📌 An opinionated recap of the most interesting news in crypto
Token Economy
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🙏Thank you EOS
This week I tweeted that EOS is the best thing that could happen to Bitcoin, as seeing something particularly terrible should reinforce everyone's views of why Bitcoin is so important, hard and valuable.

Little did I know that Dean Eigemann from Harbour had already laid it all out in this great post.

"It is important, however to recognize that EOS is also a great thing — because EOS has shown us what not to do."

This is the post to read to understand why the crazy governance structure and censorship-ability that ended up being instituted make it something the crypto community should distance itself from.

You can read more about the freezing of 7 accounts to form a better opinion.

You should also absolutely read a piece from a block producer team who has invested quite a lot of resources into their EOS setup being pissed after they were instructed to freeze 27 accounts with “the logic and reasoning for this order will be posted at a later date" as an explanation signed by a gardener-turned blockchain enthusiast with no online presence.

The risk here is high. We know there is a solid appeal to perceived safety and security.
Being able to amend mistakes and catch thieves is a desired feature (hell, even Ethereum ended up putting it above many others with their hardfork), but as we've seen countless times it's one that costs way too much.
And the risk here is that a project which implements this feature actually becomes successful, by shifting the users' focus away from the need of censorship-resistance in development platforms and (most importantly) in monetary ecosystems.

Censorship-resistance is hard and valuable. And that makes it important extremely important to always keep it top of mind.

Given how it's being handled at the moment we don't foresee this happening, but the temptation to take the easy route and build a massively performant system sacrificing the valuable aspects of it in the name of speed will be fallen into by many a project.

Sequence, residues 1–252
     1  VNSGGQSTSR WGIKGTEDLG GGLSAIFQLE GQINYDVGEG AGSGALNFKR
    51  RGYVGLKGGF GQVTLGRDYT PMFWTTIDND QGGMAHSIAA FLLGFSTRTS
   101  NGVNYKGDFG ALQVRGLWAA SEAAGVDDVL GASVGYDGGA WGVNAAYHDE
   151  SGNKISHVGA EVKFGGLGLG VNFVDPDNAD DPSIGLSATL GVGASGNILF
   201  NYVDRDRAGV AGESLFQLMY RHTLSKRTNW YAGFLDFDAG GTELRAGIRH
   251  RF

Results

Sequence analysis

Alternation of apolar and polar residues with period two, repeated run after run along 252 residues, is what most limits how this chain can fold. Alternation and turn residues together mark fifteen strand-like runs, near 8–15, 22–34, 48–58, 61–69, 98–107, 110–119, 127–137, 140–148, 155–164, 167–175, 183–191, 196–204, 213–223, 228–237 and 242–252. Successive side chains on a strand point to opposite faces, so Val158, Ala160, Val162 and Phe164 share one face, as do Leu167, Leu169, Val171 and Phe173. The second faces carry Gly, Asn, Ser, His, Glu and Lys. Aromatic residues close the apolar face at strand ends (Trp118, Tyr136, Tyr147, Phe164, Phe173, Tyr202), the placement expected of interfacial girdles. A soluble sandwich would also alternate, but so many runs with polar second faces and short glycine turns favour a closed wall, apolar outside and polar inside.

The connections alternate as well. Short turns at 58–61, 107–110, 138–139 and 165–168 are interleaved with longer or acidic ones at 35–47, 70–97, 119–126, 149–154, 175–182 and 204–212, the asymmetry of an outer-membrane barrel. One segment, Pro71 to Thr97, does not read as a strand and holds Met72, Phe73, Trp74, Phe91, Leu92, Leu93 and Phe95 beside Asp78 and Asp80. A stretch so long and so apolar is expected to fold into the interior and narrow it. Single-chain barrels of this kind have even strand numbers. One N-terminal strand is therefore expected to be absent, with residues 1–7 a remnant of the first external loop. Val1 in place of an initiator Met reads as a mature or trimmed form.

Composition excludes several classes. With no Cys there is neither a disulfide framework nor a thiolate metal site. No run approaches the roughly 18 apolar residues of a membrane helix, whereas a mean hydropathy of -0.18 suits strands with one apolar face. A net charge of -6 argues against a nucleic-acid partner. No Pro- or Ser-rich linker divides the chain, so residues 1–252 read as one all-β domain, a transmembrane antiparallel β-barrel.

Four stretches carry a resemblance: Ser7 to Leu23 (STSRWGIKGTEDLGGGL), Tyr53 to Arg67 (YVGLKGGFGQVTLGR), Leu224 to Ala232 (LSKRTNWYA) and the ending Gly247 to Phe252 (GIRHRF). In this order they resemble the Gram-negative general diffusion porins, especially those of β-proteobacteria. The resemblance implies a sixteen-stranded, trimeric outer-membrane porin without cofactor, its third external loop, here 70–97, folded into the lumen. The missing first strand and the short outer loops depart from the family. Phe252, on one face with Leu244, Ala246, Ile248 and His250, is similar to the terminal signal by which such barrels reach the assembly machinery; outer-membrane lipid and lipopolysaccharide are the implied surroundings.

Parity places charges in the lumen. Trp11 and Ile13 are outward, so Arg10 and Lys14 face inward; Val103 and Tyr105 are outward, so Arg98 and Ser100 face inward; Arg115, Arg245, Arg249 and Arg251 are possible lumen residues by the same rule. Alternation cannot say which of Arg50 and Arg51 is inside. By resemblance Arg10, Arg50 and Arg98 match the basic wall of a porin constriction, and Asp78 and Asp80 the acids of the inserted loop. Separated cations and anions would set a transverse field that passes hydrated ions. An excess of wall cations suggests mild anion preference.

This is the counter to the above view. By none other than Larimer itself.

And reading it, it seems like a no-brainer. All the problem he lists about crypto today, and the Bitcoin and Ethereum governance are very real.

(It's a post you should read btw)

But where it falls apart, in my opinion, is on this sentence: "Only the most universally competent dispute resolution systems and blockchains will survive."

This is an EXTREMELY dangerous point of view. It's equivalent to saying, it's ok to have someone being able to censor transactions, data, money, etc. as long as they've earned a great reputation.

That's clearly madness that ends up being exactly like the current system we're all trying to change!


Having elected parties being able to censor data will end up in situations were minorities will be exploited unfairly, where the single user won't have any voice compared to the giants.

I see this as a fundamentally wrong vision of the world and not what I signed up for.

"Those who would give up essential Liberty, to purchase a little temporary Safety, deserve neither Liberty nor Safety." Benjamin Franklin, 1775
This is an example of what we outlined in Issue #2: building in public.

The team at Wyre Capital shared their thinking around the 0x token as well as general thoughts around incentives in protocols.

In the end, they say that governance and "utility" is usually not enough.